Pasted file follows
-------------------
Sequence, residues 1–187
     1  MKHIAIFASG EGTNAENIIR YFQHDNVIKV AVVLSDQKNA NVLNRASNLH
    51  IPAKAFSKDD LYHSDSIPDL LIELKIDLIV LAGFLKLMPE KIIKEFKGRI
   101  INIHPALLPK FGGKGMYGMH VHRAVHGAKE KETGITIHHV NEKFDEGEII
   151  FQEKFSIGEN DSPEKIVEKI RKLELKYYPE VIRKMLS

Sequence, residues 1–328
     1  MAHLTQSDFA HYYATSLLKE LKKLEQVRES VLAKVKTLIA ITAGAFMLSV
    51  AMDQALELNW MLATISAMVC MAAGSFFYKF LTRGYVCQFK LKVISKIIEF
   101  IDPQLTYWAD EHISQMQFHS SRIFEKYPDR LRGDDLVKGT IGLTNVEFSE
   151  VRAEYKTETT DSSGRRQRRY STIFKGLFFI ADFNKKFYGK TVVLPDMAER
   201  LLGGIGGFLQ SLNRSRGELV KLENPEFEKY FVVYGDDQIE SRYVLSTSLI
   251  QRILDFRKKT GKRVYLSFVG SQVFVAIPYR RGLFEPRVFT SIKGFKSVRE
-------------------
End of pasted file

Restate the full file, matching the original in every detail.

Sequence, residues 1–187
     1  MKHIAIFASG EGTNAENIIR YFQHDNVIKV AVVLSDQKNA NVLNRASNLH
    51  IPAKAFSKDD LYHSDSIPDL LIELKIDLIV LAGFLKLMPE KIIKEFKGRI
   101  INIHPALLPK FGGKGMYGMH VHRAVHGAKE KETGITIHHV NEKFDEGEII
   151  FQEKFSIGEN DSPEKIVEKI RKLELKYYPE VIRKMLS

Sequence, residues 1–328
     1  MAHLTQSDFA HYYATSLLKE LKKLEQVRES VLAKVKTLIA ITAGAFMLSV
    51  AMDQALELNW MLATISAMVC MAAGSFFYKF LTRGYVCQFK LKVISKIIEF
   101  IDPQLTYWAD EHISQMQFHS SRIFEKYPDR LRGDDLVKGT IGLTNVEFSE
   151  VRAEYKTETT DSSGRRQRRY STIFKGLFFI ADFNKKFYGK TVVLPDMAER
   201  LLGGIGGFLQ SLNRSRGELV KLENPEFEKY FVVYGDDQIE SRYVLSTSLI
   251  QRILDFRKKT GKRVYLSFVG SQVFVAIPYR RGLFEPRVFT SIKGFKSVRE